Establishing and operating a startup is hard work. While we tend to associate startup work with a fast paced race to success, in reality startup work can become monotonous. There’s only so many hours you can spend coding, writing business plans, and contacting potential investors before your brain turns to soup. The day to day begins to feel like day after day and before you know it, you’re staring burnout right in its ugly mug. The price of burnout is losing stellar employees and risking your team breaking down
Burnout can be fatal for young startups, especially when it targets core members of your team. In the early days at a startup, your capital is your team members. It’s often all hands on deck, and when a critical set of hands is missing it’s noticeable. As teams grow and startups mature, this frantic culture can continue despite teams and resources growing larger.
Burnout occurs across all industries, roles, demographic groups, and locations. At one point or another, all of us will experience some degree of burnout. It’s impossible to remove all stressors in your workplace for every one of your employees, but there are a number of steps that you can take to slow down or even eliminate signs of burnout. This process has to begin with the acknowledgement that burnout is a problem in your team. It needs to be talked about and addressed in the open. When people feel that they are alone in their problem, they’re less likely to seek external support and more likely to internalize these issues. Once the issue is out in the open, you can take steps to reduce burnout for your team and in your own life.
Assess the root cause
Burnout can come about in a number of different ways. Your team might be short staffed and under impossible deadlines. Or, someone could be struggling in managing their work and personal life. Ask questions to get to the root of what’s causing the burnout. Do you not have enough resources to do the work? Is there a problem with your institutional structure or management? Are your employees working hard but not smart?
Listen to and implement employee feedback
As companies grow, employee feedback can begin to fall to the wayside. Employees are a valuable resource for first hand feedback about what’s working and what can be improved upon that employers would be foolish to ignore. Collecting employee feedback might happen in a group meeting, one on one talks, or through anonymous feedback. Take that information and use it to get a sense of how people are feeling about the workload, work-life balance, and whether anyone is struggling.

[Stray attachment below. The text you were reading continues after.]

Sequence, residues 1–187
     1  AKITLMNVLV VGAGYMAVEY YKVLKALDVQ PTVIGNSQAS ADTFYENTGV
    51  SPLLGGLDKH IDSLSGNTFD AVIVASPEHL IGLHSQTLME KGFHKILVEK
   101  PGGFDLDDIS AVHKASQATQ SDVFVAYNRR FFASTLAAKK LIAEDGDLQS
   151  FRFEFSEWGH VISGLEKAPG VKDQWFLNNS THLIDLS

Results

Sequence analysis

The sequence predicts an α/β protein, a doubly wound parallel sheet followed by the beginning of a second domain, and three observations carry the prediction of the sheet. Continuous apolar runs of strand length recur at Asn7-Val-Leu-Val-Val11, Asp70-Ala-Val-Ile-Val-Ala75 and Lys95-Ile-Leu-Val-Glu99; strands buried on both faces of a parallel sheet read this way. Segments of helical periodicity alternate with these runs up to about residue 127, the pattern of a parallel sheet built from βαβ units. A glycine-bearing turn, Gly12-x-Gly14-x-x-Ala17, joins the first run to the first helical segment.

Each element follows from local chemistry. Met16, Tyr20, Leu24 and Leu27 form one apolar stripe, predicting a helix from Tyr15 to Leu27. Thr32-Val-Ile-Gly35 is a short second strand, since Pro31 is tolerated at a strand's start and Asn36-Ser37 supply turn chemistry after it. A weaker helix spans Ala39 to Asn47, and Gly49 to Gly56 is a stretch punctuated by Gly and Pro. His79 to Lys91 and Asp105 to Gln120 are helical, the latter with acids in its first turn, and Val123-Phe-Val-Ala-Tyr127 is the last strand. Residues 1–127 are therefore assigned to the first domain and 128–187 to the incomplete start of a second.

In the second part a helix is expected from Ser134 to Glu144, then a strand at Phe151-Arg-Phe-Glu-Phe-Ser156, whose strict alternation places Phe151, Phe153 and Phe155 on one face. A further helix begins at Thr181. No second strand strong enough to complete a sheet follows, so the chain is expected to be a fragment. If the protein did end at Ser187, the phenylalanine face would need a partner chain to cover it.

Value people over profit
Think of your employees as your capital. Good businesspeople invest in their capital to grow and strengthen it. Same goes for your employees. Invest time and energy in your employees to make them feel supported and appreciated. People experiencing work related burnout often report that they felt under-supported and under-appreciated in their position, and that these feelings contributed to their decline into burnout. A little appreciation goes a long way, especially when it is thoughtful and personal.
Encourage healthy coworker relationships
We know that the relationships that coworkers have with each other can either be a blessing or a curse. Healthy relationships between coworkers can encourage a strong company culture, build employee’s investment in their jobs, and positively impact the office’s overall demeanor and tone. Poor coworker relationships can be toxic and can force employees to choose between continuing at a job where they feel attacked or finding another with a better environment.
Offer comprehensive health plans that address mental health
Work stress can have profound impacts on someone’s health and wellbeing. While the physical health of your team is undeniably important, their mental health is just as, if not more, important. Health plans that cover mental health are an important way to help your team receive the medical care they may need. The anxiety, depression, and feelings of helplessness that can lead up to burnout wreak havoc on your life, both in and out of work. Focusing on the impacts in the workplace alone, mental health issues can lead to decreases in productivity, increases in absenteeism, increases in employee attrition, and increase the potential for burnout.
This is especially true among startup founders. We’ve made failure and the depression and hurt that goes along with it a normalized part of the startup process. The startup founder is expected to pour their life into their new venture, work 100+ hour weeks and sacrifice everything that doesn’t directly pertain to getting their ideas off the ground. This is unsustainable, unhealthy, and might prevent people from getting the help that they need.
Offer work-from-home or remote work opportunities
We’re seeing a huge uptick in the number of people that report working from home one day a week or more. While allowing every employee to work from home every week is probably unrealistic, many employees appreciate having the option available. You could also invest in a designated office in a local co-working space. This way, employees who are able to work remotely have a consistent area to work from. Offering work-from-home options to an employee that you realize may be struggling with maintaining a work-life balance shows them that you are confident in their capabilities and that you understand their need for balance.
When you begin to notice that you’re starting to feel stressed, unengaged, unhappy, and unproductive try to take a self-assessment. Sit down for 30 minutes and try to think back to the past few days, or weeks. Have you been happier with your job for more than half of those days? If not, try to think about what might be the source of your frustration or unhappiness. What can you do to change that? While startups can certainly do a better job of reducing burnout in the workplace, only you know how you’re feeling.